What do you do when you realise your book has turned into a version of ‘Nightmare on Elm Street’ or ‘The Texas Chainsaw Massacre’? Every time you think about it, horror strikes. Oh no! It’s all gone horribly wrong, now what? Here’s what to do if your book turns from heavenly to horrible in a few moments.
Here are five of the biggest disasters that can hit your book:
- There’s a hole in your argument! You realise half way through your book that the whole (or at least a significant part) of your message, solution or method is flawed. Panic! What now?
- Someone stole my book! Someone much more famous, better connected (in business or marketing terms), funkier or more impressive publishes a book on exactly the same subject as you and even has the exact same title (or near enough). Aaarrgh!
- It’s all fallen apart! Your perfectly worked out book structure falls apart when you realise three chapters need t be 4000 words long and the other three are just 1000 words – and the other two chapters don’t have any content at all because you’ve covered it elsewhere. Eeek!
- We need your book NOW! You get an exciting email asking you to speak at a prestigious conference in TWO WEEKS’ TIME. Great! But, they ask you if you can bring your book along too as they want to sell copies IN VOLUME at the back of the room. The only problem is that you haven’t started writing it yet. Gulp! Do you accept?
- It’s awful, don’t publish it! You ask a couple of trusted contacts to give you feedback on your book just before you send it off to the copy editor (who you’ve booked for next week). Their feedback isn’t positive. In fact, it’s extremely negative. Your heart sinks. What do you do now?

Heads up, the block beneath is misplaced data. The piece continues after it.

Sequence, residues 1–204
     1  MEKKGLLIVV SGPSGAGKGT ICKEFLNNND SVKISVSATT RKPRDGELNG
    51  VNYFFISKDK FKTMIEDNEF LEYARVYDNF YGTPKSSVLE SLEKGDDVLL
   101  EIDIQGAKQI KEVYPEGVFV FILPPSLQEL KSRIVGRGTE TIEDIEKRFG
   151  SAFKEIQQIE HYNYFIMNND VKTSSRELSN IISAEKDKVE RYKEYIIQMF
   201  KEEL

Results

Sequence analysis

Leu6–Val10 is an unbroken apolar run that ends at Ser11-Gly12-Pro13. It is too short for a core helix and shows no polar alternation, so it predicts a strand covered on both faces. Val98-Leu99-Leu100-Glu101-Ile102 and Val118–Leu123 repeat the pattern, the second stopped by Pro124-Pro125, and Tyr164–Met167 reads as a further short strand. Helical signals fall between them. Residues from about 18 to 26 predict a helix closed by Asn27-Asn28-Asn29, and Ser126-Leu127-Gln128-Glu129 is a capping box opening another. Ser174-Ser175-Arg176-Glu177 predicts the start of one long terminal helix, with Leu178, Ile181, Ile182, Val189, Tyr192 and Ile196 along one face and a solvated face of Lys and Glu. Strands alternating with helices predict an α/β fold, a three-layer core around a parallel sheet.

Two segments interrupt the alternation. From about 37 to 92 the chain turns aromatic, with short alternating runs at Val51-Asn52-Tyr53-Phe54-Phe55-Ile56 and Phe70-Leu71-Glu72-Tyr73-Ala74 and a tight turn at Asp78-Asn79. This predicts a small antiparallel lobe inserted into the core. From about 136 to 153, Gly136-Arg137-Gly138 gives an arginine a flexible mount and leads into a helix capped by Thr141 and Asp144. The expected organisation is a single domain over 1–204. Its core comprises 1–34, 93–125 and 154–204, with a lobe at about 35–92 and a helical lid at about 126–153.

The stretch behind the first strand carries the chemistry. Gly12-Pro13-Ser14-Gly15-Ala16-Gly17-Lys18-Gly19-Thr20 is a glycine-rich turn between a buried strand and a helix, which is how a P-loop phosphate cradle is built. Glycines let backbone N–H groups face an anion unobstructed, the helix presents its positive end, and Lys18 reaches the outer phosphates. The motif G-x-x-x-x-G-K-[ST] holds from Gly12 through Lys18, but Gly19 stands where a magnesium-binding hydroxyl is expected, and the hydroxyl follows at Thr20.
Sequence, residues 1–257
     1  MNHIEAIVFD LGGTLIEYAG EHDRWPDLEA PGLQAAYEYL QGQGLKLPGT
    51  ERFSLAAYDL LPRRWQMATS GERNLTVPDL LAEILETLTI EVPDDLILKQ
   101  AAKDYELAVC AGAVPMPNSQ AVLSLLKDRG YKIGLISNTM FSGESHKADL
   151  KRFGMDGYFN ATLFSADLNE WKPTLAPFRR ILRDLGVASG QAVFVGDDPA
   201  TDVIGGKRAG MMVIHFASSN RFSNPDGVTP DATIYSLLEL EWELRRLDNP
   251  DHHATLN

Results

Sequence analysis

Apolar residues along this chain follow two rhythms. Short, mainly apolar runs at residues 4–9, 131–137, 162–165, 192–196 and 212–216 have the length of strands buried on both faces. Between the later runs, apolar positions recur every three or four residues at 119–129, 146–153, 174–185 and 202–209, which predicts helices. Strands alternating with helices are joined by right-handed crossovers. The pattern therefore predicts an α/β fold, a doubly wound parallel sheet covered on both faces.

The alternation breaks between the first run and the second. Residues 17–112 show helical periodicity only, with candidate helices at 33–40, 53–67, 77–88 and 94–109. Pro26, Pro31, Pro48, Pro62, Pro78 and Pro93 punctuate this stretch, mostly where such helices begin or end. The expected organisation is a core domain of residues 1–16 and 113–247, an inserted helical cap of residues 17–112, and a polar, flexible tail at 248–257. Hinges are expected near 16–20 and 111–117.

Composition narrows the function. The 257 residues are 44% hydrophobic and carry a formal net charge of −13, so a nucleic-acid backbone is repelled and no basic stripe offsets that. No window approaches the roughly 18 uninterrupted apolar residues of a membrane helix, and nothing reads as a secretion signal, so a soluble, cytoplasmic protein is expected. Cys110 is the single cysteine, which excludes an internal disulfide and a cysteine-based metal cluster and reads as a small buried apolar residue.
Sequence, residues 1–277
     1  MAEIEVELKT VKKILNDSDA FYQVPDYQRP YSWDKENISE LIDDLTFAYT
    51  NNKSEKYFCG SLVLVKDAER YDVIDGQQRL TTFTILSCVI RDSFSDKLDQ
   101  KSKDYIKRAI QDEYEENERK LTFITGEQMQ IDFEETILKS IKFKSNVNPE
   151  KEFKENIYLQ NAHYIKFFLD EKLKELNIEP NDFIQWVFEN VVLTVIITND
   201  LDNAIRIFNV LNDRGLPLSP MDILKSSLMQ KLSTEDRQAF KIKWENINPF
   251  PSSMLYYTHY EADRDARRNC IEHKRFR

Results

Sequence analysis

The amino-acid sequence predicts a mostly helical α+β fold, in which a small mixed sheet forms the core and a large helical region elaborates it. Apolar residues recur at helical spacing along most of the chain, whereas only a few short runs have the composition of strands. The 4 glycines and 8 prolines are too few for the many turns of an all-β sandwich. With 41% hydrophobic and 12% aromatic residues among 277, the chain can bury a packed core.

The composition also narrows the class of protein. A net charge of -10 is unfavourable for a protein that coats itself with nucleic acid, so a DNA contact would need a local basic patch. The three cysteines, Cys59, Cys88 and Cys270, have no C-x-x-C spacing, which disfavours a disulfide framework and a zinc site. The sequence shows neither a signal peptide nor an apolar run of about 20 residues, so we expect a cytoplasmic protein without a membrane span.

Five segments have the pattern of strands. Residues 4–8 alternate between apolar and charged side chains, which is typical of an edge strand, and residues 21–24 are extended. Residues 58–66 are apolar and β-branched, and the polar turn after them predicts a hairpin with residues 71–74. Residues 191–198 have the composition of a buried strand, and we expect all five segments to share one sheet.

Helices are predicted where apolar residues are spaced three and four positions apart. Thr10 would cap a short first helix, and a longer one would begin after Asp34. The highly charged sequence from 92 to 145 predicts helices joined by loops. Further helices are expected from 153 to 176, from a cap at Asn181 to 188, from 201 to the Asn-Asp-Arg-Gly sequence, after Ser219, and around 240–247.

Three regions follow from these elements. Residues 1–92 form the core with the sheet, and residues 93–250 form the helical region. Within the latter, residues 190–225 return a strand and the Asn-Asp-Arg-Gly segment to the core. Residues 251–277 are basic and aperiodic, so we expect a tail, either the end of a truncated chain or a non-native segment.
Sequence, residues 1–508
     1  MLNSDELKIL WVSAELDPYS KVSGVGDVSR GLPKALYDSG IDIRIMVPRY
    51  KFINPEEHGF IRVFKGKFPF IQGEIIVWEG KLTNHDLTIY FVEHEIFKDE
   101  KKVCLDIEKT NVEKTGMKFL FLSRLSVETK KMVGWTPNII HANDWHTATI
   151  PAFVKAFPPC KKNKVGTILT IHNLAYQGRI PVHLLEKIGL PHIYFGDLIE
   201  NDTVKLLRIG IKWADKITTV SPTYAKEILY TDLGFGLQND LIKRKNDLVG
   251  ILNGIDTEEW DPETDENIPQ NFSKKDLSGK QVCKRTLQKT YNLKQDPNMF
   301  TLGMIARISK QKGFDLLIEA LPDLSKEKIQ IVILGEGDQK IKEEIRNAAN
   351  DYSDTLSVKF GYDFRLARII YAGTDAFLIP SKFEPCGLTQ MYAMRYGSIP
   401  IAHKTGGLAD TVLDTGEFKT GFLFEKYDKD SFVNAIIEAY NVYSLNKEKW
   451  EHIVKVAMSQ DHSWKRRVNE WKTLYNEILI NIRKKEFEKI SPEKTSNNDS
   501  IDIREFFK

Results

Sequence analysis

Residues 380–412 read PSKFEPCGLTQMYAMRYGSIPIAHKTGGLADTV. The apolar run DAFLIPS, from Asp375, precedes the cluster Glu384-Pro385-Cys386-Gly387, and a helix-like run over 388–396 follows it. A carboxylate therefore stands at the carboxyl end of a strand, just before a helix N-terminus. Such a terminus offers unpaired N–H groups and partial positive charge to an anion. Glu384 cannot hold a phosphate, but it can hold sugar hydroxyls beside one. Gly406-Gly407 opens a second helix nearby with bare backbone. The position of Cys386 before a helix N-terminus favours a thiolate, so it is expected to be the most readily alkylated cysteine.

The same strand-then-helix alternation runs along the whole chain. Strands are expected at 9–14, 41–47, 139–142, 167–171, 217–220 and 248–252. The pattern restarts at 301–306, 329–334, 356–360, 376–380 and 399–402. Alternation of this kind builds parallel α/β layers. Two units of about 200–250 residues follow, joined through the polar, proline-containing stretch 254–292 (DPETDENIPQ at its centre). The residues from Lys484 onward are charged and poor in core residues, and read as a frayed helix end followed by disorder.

All of the ‘disasters’ listed above are solvable. Agreed, they are challenging and they are scary but they can be overcome and even used to your advantage. Over the next few days, I’m going to deal with them one by one so you can see that disaster can be averted and you can be a hero to your own book.
There you are, tripping along writing your book, whistling happily to yourself as the words rattle onto the page when “uh oh!” – you realise there is a problem. A BIG problem. You stop, look around and wonder if anyone has noticed. There it is: the huge hole in your argument.
At first, you’re a bit dumbstruck. How could you not have noticed this earlier? How could you have ever let this happen? Your whole book is flawed. What do you do? Ditch the book and start again? Rewrite it? Suddenly, everything is up in the air.
When it comes to book-writing nightmares this is up there at the top and that’s mostly because it is the most common disaster to strike any writer – and the hardest to fix (sorry!). However, there are solutions and you can rescue the situation if you remain calm and are prepared to make some changes.
The Problem: Gaining a new perspective
When you see a flaw in your book what you are really experiencing is a new perspective. We all have realisations and it is common for them to come about when we are knee-deep in explaining our own method or message.
It starts with ‘what if?’: Sometimes it is the writing process that brings new ideas to our attention: we’re bowling along when a little ‘what if…?’ pops into our mind and then shatters our argument. We disappear down the ‘what if?’ rabbit hole and suddenly all we can see is flaws. It’s an unwelcome perspective.